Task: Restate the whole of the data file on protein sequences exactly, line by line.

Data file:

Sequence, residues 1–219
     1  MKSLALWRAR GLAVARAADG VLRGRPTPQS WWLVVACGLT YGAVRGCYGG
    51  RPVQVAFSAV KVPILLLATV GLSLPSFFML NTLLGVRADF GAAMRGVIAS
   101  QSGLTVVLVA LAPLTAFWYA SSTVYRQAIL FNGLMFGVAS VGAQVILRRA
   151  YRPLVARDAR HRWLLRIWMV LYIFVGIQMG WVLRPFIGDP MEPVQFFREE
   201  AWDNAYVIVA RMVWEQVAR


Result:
Sequence, residues 1–219
     1  MKSLALWRAR GLAVARAADG VLRGRPTPQS WWLVVACGLT YGAVRGCYGG
    51  RPVQVAFSAV KVPILLLATV GLSLPSFFML NTLLGVRADF GAAMRGVIAS
   101  QSGLTVVLVA LAPLTAFWYA SSTVYRQAIL FNGLMFGVAS VGAQVILRRA
   151  YRPLVARDAR HRWLLRIWMV LYIFVGIQMG WVLRPFIGDP MEPVQFFREE
   201  AWDNAYVIVA RMVWEQVAR